This post is raw and holds nothing back. If you’re uncomfortable with vulgar language, please turn back.
January 6, 2006
There’s nothing like a sea of white coats marching down the halls on rounds at 6:30 am. As I walk with the team I catch the scent of loose bowels and sterility combined with the morning breakfast trays – I know I’m in for a bit of fun.
All 8 of us crowd into the patient’s room, almost always waking them from sleep. “How was your night?” The student responsible for following the patient responds if the patient takes too long to answer the question. “There were no acute events overnight. The chest x-ray came back late yesterday evening and was clear. His white count has dropped down from 12000 three days ago to 8500 this morning.”
Once the plan and disposition for the patient has been discussed and the student has been thoroughly pimped on anything and everything possibly related to the patient, the entourage exits the patient’s room in single file to repeat the process all over again. I am reminded of kindergarten, lining up to go take a piss as a class. We were all equals back then with the exception of one.
If you’ve ever witnessed one of these white trains while on the wards, you’ve just seen the hierarchy in motion. Attendings are always at the front, and you can differentiate the chief resident from a student just by watching this little tidbit of medical school mystery. It never fails, so take notes.
While exiting a patient’s room, everyone cautiously steps to the side to let the train take form early for the next destination. God forbid messing up the chain. If a student or lower-level resident misjudges and takes a place towards the front, he is quickly corrected as the senior steps in to take over his hard-earned spot.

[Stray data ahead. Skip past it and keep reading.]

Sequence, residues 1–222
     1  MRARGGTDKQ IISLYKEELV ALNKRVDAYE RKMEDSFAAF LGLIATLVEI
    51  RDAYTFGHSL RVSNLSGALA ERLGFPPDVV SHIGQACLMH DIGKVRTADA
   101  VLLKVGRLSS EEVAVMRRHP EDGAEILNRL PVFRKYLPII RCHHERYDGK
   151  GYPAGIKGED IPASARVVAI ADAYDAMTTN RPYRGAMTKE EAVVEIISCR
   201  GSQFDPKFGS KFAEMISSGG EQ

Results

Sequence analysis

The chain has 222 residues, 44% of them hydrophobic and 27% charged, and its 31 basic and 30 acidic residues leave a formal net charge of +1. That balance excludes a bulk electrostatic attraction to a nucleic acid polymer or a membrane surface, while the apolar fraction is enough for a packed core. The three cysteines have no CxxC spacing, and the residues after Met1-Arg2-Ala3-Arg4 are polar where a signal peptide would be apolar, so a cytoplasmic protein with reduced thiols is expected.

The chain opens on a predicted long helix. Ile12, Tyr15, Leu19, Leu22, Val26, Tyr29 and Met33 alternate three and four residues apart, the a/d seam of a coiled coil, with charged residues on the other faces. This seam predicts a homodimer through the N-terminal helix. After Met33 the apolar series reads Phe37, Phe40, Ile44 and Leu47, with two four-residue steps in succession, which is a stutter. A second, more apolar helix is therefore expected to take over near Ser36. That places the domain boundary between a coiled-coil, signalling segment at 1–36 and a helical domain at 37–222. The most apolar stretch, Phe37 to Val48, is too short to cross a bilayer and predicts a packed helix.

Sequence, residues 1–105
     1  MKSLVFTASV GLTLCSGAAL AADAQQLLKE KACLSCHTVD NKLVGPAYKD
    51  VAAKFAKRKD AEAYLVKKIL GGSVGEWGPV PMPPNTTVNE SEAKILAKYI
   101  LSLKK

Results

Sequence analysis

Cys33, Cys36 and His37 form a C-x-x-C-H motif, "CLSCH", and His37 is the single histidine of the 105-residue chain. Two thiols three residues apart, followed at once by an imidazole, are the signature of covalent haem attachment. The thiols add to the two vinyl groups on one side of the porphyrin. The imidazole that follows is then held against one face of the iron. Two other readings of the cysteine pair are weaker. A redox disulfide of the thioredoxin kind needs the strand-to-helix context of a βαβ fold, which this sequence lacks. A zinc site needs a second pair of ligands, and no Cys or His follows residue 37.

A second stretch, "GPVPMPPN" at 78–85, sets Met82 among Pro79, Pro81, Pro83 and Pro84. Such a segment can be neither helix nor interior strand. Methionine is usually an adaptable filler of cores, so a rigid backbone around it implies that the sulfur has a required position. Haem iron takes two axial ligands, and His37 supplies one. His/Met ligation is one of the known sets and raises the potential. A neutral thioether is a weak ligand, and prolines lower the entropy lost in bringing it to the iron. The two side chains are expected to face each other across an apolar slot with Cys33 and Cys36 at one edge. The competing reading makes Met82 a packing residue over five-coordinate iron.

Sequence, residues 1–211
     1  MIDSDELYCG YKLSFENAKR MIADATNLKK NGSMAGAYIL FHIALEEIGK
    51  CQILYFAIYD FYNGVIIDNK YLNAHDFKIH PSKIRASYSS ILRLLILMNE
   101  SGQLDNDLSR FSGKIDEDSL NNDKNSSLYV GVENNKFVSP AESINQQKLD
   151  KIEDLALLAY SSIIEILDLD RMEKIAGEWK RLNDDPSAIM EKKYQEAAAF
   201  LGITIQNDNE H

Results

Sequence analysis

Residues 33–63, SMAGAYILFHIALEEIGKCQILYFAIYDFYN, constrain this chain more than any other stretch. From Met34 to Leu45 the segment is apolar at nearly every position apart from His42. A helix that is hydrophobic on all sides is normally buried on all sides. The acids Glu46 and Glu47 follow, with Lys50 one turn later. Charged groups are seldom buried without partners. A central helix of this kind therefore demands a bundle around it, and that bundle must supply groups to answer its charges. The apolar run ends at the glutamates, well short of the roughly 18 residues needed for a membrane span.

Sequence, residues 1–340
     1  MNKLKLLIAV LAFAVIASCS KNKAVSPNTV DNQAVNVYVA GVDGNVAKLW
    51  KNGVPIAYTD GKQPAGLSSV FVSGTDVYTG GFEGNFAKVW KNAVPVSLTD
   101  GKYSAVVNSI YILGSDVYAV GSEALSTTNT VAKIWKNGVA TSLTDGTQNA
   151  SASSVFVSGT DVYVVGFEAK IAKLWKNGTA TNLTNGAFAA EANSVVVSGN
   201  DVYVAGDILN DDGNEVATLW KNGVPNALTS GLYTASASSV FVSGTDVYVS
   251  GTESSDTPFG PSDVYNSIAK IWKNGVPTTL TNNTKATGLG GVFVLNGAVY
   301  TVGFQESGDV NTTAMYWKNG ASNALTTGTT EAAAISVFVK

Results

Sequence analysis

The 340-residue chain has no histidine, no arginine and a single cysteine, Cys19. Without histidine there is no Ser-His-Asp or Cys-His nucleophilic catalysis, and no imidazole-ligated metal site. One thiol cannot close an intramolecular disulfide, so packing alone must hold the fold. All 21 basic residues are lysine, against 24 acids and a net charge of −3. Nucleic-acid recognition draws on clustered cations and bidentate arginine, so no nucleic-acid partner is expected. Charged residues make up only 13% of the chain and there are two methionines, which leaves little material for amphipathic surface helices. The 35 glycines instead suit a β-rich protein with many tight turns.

Most probably consider it disrespectful to walk in front of your superior while on rounds. This has been subconciously ingrained into your mind during your short career on the wards. If you consistently do this, you might be looked down upon and something could possibly even show up in your evaluation regarding your lack of “professionalism.” Tread lightly – you’re always walking on thin ice. Get someone on your back and you’ll be ridden like a cheap whore for the entire stent of your stay.
These stern rules are passed down to each generation in the hierarchy, and they are enforced at an increasingly exponential level at each stage. The attending was once at the rear of the entourage, and has anxiously watched as he slowly crawled towards the top spot. He enjoys the stares from nurses, but what really makes him feel like the cock of the roost are the gazes from patients and visitors.
By walking in front, you have just bypassed the entire system. Cheated it, if you will. This effectively allows any onlooker to remove his or her focus from the attending and place that focus on you. The highlight of the attending’s day has been spoiled.
Wondering what all the fuss is about? Just wait until you’ve participated in this train hundreds of times and you’re working your 10th straight day on 3 hours of sleep.
Are you convinced to leave medicine? If so, you may feel like you are alone. You may feel clueless about what to do next. However, quitting medicine could turn out better than you have ever thought possible. And here is why you should get out …
This article is part of Hoover’s Med School Hell series. Med School Hell reveals the crazy truth about the crappiness of the US medical education and healthcare system … while making you laugh so hard, you’ll crap in your pants.